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Ontario, Canada
I am a wife, mother and grandma who enjoys the many aspects of homemaking. A variety of interests and hobbies combined with travel keep me active. They reflect the importance of family, friends, home and good food.
Cook ingredients that you are used to cooking by other techniques, such as fish, chicken, or hamburgers. In other words be comfortable with the ingredients you are using.
--Bobby Flay

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  • [January 15, 2016] - It's National Soup Month so this month's posts will focus on soups. Yum!
  • [February 1, 2016] - An interesting report on why you should always choose organic tea verses non-organic: Toxic Tea (pdf format)
  • Sticky Post - Warning: 4ever Recap reusable canning lids. The reports are growing daily of these lids losing their seal during storage. Some have lost their entire season's worth of canning to these seal failures!

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Monday, April 15, 2013

Frugal Kitchens 101 - The Cost of Organic Foods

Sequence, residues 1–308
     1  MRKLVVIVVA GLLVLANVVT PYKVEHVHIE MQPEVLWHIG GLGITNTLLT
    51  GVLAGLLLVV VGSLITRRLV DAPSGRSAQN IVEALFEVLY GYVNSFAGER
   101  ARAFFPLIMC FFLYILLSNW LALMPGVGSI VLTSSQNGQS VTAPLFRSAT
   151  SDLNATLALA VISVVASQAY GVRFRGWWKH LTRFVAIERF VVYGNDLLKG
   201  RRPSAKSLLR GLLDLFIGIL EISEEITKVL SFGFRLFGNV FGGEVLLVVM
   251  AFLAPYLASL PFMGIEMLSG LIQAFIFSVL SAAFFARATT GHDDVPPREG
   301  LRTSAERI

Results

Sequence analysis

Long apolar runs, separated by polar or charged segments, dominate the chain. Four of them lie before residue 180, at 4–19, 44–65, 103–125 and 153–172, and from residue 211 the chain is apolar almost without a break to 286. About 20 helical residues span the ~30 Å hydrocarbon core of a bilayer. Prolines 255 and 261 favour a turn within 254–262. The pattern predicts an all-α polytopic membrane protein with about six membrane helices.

Frugal Kitchens 101 A couple of days ago I had to make a trip to one of the nearby small cities and as always managed to make a few foodie stops.  One of those stops was at the Real Canadian Super Store (RCSS) which is owned by Loblaws as is No Frills, my regular grocery store.  RCSS is like a souped up No Frills with a lot of extras, more like a Walmart but less sundry and clothing.  There is a large selection of organic foods, a fresh deli and seafood counter and small coffee shop along with a wine store and bank.  I was interested in the organic section, specifically looking for Oak Manor organic flours, organic peanut butter and organic granulated sugar.  My gosh, talk about sticker shock!

No Frills is basic shopping with a few extras and limited organic foods.  Walmart's prices is about 5% higher than No Frills and they also carry a limited range of organic foods.  Sobey's that no longer is in town had a larger selection of food but their prices would drive the average grocery cart up by about 15%.  RCSS would be about 20% higher for the average cart but that price would significantly increase if buying organic.  For example, our Walmart has organic bananas at 10¢ per pound higher than non-organic bananas but RCSS regular priced non-organic bananas were the same price as Walmart's organic bananas and their organic bananas were 30¢ per pound more!  A 1 kg jar of Kraft peanut butter at No Frills goes on sale for $3.97.  A 500 g jar of PC organic peanut butter cost me $4.29 at RCSS.   On the flip side, local organic produce in season is the same price if not a bit less than non-organic in the grocery stores and usually lower priced at farm stands, farmers' markets and orchards.   Store pricing aside, the cost of organic food is higher than non-organic for many reasons.